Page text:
Cable Research Lab may not be as immediately familiar as certain monster-scale wire companies but its designs harken back to the creations of Paul Weitzel and Winston Ma in the late 1990s, when they were known as FIM cables, since they were initially marketed by First Impression Music, Inc (FIM). Since that time the company has transitioned through ownership changes, settling on the CRL name in 2002. In 2006 CRL released a new generation of cables with the design and manufacturing side helmed by Art Almstead, president of Twisted Pair Designs. His team has sought to combine the high-energy-conductivity design of the original FIM cables with its own R&D improvements.
The CRL Silver is the company’s mid-line offering. Appropriately serpentine but otherwise reserved in conservative black jacketing, CRL Silver speaker cable uses six solid-core oxygen-free copper (OFC) conductors per leg (plus and minus). Each is isolated with pure polypropylene dielectrics and PVC outer tubing and abrasion-resistant mesh covering. Interconnects are similarly outfitted with OFC conductors but shielded with braided OFC to reduce RFI/EMI. Top-quality Bocchino Audio terminations are used—in this case, heavy compression spades for the speaker cable. CRL Silver is hand-assembled, terminations are compression-crimped (no solder is used), and the connectors are copper material with no nickel underplating.
In character, CRL Silver is honest, detailed, and dynamically responsive—a straight-shooter in every sonic category. While some cables pepper performance with spectral additives that quickly outwear their welcome, CRL Silver doesn’t overreach, and by so doing successfully rubs up against the best in this category. With its warmer and rounder balance, the Silver is not a cable that stabs at you; there are no sharp edges, trippy tonal balances, or treble spikes. Its personality has a complimentary way of smoothing the rougher edges from aggressive tweeters without sacrificing resolution. Transient behavior is relaxed and natural, with a sibilance range that renders vocalists articulate but not clinical.
The CRL Silver is big on midrange output. They are tube-like in this way, sending a shudder through my reference system in the mid and upper bass as they laid into the groove from the Police’s “Tea in the Sahara” [A&M]. Low bass reproduction through a robust loudspeaker like the Sonus Faber Cremona M proved to be one of the CRL Silver’s inarguable strengths. The bass drum impacts and cannon fusillades during the 1812 Overture [Telarc] were as terrifying as they were exciting. As good as the bass response is, it still leaves a bit of control on the table by softly blurring the double pluck of a bass guitar during “Someone Saved My Life Tonight” [Island]. It also lacks the ability of the very best (the Tara Labs Omega, for one) to layer images in space with a holographic dimensionality that makes eyebrows rise. It doesn’t quite capture the tightness and pummeling of the opening kick drum during Steely Dan’s “Time Out Of Mind” [MCA].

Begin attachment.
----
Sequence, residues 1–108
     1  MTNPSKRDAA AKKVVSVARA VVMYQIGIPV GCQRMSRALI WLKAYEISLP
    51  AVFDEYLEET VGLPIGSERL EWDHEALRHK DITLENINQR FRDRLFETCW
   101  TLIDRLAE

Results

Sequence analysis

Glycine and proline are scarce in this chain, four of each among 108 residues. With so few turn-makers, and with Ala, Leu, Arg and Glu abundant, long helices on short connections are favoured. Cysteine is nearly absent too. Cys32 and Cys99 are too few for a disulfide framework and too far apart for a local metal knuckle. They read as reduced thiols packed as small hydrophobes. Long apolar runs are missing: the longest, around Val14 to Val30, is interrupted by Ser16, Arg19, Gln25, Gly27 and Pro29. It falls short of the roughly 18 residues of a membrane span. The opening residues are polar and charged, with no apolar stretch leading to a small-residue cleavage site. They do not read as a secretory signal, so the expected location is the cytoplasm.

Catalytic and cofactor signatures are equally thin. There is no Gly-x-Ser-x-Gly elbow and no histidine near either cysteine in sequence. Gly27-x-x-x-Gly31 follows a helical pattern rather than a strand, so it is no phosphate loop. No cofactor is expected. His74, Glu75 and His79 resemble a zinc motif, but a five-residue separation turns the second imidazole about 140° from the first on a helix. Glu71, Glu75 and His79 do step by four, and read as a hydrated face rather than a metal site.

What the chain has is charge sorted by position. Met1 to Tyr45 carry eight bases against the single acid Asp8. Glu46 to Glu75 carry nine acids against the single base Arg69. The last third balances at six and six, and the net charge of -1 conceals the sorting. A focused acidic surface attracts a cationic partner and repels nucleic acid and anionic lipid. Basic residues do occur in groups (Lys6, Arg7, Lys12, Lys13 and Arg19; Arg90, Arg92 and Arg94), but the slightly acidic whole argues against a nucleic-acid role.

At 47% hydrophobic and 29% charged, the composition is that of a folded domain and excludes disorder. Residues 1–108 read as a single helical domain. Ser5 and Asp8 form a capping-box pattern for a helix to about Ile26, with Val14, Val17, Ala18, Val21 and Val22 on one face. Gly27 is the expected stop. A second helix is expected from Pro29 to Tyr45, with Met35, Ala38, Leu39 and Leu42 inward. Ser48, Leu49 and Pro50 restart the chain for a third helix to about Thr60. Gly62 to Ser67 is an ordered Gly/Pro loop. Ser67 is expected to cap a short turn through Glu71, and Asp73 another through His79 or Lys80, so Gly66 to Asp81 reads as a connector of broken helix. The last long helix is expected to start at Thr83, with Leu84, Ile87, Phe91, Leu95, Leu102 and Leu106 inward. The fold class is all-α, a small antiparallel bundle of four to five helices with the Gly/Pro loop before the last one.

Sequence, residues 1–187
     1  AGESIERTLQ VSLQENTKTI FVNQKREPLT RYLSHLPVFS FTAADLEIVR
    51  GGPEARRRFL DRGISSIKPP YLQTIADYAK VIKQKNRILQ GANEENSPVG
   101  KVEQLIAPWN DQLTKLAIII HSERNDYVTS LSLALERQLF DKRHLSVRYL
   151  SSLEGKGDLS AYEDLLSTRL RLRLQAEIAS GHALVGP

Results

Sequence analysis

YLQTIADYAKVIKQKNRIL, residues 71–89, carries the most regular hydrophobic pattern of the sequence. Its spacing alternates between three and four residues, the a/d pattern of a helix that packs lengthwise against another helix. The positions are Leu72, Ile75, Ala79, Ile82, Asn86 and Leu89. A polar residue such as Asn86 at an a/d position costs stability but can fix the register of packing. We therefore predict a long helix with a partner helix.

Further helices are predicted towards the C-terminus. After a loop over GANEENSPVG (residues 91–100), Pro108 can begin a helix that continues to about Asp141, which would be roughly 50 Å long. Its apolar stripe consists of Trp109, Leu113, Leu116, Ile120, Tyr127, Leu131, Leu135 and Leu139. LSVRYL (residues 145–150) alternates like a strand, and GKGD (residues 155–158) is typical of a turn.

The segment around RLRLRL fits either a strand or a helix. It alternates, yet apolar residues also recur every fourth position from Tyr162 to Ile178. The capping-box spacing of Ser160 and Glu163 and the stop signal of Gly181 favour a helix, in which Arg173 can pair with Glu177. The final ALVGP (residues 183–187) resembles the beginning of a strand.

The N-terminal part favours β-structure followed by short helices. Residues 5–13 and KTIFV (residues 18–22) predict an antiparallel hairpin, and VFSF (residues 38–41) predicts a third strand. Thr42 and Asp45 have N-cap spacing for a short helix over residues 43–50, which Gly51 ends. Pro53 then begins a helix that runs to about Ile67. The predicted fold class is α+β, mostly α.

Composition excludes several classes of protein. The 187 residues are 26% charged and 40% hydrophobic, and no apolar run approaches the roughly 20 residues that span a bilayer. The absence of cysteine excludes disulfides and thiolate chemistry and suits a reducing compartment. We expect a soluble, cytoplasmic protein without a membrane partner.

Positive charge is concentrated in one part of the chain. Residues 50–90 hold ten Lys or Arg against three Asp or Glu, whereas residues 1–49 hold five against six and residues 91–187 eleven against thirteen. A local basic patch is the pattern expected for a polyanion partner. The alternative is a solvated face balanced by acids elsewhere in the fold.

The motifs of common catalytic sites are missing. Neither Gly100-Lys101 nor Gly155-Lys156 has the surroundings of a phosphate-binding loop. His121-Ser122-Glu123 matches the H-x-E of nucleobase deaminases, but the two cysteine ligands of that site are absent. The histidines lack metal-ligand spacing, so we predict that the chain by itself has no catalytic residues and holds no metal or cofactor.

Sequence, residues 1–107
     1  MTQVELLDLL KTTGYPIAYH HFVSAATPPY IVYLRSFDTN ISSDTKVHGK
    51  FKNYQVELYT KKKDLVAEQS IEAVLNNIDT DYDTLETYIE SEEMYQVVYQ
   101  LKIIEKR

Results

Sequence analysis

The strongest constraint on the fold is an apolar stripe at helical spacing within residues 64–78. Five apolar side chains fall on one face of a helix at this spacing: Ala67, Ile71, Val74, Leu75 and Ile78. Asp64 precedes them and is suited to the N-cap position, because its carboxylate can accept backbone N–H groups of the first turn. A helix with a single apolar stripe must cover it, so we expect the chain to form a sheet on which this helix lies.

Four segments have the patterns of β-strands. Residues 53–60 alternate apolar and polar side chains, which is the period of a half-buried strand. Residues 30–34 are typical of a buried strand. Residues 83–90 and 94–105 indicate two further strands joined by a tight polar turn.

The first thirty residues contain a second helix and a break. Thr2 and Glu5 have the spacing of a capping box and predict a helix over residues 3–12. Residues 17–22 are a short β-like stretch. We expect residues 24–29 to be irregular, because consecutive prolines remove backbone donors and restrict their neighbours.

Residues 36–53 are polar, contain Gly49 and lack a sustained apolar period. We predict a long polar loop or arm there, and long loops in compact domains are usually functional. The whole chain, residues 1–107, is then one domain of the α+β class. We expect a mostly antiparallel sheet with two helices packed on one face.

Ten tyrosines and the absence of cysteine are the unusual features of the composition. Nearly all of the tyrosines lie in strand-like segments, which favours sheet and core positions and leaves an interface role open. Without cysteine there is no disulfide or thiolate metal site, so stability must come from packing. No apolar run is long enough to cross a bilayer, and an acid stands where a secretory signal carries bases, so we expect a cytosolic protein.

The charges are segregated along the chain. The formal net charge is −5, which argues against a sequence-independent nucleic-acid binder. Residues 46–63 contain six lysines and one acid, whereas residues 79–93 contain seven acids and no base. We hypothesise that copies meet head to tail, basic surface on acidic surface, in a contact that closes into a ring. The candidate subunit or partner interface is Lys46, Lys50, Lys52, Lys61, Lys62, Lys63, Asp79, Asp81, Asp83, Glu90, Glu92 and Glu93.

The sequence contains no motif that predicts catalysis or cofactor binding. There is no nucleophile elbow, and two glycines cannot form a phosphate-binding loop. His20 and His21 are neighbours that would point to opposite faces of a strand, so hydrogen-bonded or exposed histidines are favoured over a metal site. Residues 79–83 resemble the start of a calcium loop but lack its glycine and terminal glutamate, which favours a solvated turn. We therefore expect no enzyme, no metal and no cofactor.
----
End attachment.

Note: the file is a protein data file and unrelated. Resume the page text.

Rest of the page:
Treble focus and harmonics are where wire differences are most vividly expressed to me. At times, the Silver exhibits a leaner, closed-in character that lessens the sense of immediacy and realism. And versus an über-cable like Tara Labs, the Silver’s treble extremes didn’t exhibit the radiant and otherworldly openness that can be heard during from solo piano or during Jennifer Warnes’ rendition of Leonard Cohen’s “Song For Bernadette” [Shout].
It’s not unreasonable to expect a level of resolution and transparency commensurate with cabling from the usual suspects—Nordost, Tara, Crystal, Synergistic—and CRL Silver measures up. In fact, it gives away little in terms of resolution and dynamic subtlety to cabling even further up the price scale. In comparison, the Synergistic Tesla Precision is a bit more tightly controlled, less forward, but also faster on transients and offers a shade more treble air and dimension. The Crystal Cable Piccolo is fast and ultra-clean but also has, like the Silver, a lighter overall balance and a bit of treble tightness. Finally, the Tara Labs RSC2 Air offers a darker, almost ominous tonality with a similarly enriched midrange and relaxed treble. Alongside much more expensive mega-wires like the Tara Labs Omega or Synergistic Tesla Apex, the CRL Silver’s low-level resolution and micro-dynamics within the massive chorus of the 1812 Overture aren’t as specific and don’t fully express the rippling auras of resonance in the space around the singers. It should be noted, however, that in most cases these differences are relatively subtle, and you’ll need to factor in your own system as you digest my conclusions. Thank goodness cables are easy to audition, as I heartily recommend you do.
The CRL Silver exemplifies the kind of balance of audio credentials that one would expect in this price range. It’s tonally honest, very well-built, and a worthy heir to the work Weitzel and Ma began nearly two decades ago. It doesn’t necessarily break new ground in this range but it honorably joins some much-better-known competitors in helping to complete any audiophile’s journey toward the high end.